Fashion store Pedro, in Phnom Penh’s Boeng Keng Kang I, was roped off as possible Covid-19 contacts awaited testing on the evening of December 4, 2020. (Michael Dickison/VOD)

Apart from Savuth’s family, the cluster has also spread to 16 customers and employees of Phnom Penh fashion retailers Pedro and Zando.

Pedro employee Long Sokhny, 33, who is being treated at the Chak Angre Health Center, said she was suffering cold symptoms, including a congested nose, and wasn’t sleeping well.

She has a room to herself but shares a toilet with other patients on the same floor, Soknhy said. She was somewhat concerned about the toilet’s hygiene, and has asked hospital staff for more cleaning supplies, she said.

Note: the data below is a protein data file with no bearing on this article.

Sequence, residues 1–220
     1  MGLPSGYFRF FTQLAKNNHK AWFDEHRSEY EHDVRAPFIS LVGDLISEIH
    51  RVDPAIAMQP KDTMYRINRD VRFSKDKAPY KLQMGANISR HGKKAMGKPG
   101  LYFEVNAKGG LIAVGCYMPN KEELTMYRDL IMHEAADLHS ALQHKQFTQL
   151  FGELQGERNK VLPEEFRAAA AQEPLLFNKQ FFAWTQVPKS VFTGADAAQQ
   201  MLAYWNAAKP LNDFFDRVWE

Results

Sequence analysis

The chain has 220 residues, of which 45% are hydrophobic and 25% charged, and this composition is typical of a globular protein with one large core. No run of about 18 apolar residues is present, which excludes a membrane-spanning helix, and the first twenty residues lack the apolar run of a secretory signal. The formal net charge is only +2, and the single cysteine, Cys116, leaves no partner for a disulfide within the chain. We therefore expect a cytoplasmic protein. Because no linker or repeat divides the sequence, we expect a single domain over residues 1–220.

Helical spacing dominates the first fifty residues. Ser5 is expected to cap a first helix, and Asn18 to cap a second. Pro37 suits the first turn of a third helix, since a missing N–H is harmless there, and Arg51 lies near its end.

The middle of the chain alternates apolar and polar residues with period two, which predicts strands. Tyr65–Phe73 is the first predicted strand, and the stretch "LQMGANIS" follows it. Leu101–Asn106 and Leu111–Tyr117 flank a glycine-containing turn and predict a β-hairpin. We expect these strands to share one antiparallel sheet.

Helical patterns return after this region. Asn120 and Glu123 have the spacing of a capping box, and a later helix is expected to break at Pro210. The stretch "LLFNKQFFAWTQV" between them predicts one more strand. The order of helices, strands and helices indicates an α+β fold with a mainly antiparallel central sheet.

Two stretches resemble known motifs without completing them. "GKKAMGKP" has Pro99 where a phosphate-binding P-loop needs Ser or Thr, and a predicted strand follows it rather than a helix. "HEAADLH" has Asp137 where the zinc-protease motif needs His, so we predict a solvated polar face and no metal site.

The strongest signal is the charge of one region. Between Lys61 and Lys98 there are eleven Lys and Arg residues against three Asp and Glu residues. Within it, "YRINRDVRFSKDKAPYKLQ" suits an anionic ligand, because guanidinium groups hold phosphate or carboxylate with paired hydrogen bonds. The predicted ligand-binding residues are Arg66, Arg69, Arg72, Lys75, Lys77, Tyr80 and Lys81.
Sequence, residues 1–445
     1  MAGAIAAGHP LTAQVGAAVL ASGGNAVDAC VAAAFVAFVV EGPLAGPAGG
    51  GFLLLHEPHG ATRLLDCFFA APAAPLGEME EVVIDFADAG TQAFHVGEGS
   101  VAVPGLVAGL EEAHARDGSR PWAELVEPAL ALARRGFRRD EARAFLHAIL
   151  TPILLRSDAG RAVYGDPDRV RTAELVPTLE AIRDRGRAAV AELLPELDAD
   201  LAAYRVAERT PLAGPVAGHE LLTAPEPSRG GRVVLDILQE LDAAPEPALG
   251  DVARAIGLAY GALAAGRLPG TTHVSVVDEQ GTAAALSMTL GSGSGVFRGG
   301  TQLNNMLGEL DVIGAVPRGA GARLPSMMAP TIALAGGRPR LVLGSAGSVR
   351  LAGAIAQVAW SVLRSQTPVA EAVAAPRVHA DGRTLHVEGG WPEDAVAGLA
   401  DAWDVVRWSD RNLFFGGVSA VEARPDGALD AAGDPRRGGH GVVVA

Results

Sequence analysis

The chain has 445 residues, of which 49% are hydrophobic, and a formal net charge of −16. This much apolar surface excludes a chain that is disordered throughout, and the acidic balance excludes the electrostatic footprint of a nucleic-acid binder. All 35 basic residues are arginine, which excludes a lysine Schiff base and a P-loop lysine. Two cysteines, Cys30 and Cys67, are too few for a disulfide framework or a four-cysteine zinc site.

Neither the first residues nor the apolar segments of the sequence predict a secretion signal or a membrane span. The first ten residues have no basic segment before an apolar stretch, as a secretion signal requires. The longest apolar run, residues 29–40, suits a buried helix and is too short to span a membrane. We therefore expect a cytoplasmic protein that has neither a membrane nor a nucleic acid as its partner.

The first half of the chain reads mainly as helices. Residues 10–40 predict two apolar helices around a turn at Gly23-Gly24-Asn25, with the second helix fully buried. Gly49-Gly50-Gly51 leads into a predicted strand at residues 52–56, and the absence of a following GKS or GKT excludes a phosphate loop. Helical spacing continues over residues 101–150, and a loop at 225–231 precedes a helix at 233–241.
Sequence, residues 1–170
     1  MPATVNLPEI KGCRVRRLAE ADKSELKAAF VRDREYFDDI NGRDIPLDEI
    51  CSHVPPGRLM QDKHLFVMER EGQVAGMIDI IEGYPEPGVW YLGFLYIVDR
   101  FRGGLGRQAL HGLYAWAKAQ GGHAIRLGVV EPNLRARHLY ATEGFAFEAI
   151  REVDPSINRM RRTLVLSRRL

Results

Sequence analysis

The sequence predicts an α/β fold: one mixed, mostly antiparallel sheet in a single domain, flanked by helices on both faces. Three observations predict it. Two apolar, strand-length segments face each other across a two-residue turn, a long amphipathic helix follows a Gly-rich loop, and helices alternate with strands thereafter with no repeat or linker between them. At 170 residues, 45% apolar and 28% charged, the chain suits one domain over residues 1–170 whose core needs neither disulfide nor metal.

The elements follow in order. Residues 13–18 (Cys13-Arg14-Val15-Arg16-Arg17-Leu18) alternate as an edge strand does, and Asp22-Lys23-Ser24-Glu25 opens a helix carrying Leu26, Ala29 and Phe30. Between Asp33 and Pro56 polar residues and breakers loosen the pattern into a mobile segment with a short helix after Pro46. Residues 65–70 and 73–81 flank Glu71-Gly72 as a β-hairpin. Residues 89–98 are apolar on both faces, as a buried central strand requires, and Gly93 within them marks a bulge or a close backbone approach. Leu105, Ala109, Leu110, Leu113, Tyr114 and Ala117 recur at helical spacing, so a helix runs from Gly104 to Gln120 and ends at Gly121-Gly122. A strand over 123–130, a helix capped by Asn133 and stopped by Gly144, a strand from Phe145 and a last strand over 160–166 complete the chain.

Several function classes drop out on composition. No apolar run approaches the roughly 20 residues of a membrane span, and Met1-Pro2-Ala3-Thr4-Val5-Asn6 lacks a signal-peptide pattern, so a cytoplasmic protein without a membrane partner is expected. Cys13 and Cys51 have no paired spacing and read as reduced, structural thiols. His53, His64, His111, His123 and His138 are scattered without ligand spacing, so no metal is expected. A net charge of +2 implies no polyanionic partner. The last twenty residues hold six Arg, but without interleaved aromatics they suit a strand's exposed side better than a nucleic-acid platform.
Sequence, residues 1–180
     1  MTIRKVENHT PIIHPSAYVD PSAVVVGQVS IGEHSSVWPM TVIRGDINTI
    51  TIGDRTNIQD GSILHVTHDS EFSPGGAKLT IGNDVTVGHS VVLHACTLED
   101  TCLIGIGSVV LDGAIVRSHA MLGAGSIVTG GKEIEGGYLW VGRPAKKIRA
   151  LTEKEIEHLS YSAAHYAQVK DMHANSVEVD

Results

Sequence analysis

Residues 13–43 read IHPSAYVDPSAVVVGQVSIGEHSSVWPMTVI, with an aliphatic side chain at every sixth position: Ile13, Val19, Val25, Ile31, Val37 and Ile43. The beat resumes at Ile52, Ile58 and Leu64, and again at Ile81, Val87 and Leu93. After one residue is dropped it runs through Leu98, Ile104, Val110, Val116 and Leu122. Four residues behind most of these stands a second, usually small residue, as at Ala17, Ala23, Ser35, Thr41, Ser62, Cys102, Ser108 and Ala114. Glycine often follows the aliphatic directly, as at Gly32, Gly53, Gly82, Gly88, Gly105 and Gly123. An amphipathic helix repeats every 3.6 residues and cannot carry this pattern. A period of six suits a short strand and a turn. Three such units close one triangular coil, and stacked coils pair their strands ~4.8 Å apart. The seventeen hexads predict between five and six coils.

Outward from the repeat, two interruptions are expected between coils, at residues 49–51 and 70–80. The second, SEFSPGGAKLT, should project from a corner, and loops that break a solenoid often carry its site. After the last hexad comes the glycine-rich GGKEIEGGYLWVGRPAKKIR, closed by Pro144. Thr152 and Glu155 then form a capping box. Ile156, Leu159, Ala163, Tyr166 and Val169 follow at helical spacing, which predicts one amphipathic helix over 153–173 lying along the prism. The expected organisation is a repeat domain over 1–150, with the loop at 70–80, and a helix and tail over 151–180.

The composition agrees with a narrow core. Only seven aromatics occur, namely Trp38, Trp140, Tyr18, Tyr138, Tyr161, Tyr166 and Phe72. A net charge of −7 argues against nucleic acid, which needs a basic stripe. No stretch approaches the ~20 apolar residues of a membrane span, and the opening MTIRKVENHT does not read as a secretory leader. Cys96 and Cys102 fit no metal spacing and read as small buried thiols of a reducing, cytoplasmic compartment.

“We feel fine, because it hasn’t infected only us. It has been transmitted from one to another,” she said. “We didn’t want to be infected like that. We always wore a mask at work, but our customers — honestly, some customers, when we asked them to wear a mask, they blamed us. They’d say: I bring money to buy your goods, why do you ask us to wear a mask? Some, they decided to leave.”

Sokhny said everyone should be careful by always wearing a mask and washing their hands. She added that her family was also quarantining in a hospital for 14 days, but had tested negative so far.

“I want everyone to take care of themselves more. Because if we get infected, it will be difficult, not only for ourselves, but our family members at home too. We will be discriminated against.”